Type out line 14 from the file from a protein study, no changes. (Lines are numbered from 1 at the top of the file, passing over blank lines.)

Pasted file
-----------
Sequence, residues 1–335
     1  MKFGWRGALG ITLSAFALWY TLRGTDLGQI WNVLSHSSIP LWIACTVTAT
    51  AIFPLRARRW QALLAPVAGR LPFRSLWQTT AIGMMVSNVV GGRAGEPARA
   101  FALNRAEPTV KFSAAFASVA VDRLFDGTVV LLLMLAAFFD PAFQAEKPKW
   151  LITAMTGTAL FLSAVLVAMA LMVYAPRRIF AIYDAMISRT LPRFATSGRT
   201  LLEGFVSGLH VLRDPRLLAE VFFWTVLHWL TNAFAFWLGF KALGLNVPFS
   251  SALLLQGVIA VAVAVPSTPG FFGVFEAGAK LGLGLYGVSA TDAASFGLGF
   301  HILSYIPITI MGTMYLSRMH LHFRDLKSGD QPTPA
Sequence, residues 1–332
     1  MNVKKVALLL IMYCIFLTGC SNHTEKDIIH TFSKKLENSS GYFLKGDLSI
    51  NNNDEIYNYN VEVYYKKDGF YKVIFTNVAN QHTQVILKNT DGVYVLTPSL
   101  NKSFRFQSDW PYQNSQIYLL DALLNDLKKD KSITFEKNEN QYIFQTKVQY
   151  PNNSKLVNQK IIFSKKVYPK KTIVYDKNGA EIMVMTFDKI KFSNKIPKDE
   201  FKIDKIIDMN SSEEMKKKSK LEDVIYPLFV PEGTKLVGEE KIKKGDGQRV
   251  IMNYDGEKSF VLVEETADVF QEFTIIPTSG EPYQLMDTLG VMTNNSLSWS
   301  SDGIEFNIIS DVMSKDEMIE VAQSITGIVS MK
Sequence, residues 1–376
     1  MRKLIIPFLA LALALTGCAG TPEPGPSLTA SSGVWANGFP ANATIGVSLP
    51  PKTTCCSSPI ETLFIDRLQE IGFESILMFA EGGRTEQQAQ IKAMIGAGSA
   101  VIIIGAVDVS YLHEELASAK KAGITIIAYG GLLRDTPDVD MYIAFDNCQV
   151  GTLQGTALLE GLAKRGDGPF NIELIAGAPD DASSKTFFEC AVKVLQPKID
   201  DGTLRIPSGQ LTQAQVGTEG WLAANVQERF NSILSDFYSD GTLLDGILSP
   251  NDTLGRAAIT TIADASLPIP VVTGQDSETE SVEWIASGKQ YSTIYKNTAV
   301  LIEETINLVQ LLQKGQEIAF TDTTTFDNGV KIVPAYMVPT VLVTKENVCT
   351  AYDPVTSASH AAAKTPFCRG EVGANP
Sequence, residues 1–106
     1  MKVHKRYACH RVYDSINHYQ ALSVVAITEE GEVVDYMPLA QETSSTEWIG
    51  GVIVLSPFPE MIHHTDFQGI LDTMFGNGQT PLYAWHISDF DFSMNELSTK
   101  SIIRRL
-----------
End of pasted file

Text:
   201  FKIDKIIDMN SSEEMKKKSK LEDVIYPLFV PEGTKLVGEE KIKKGDGQRV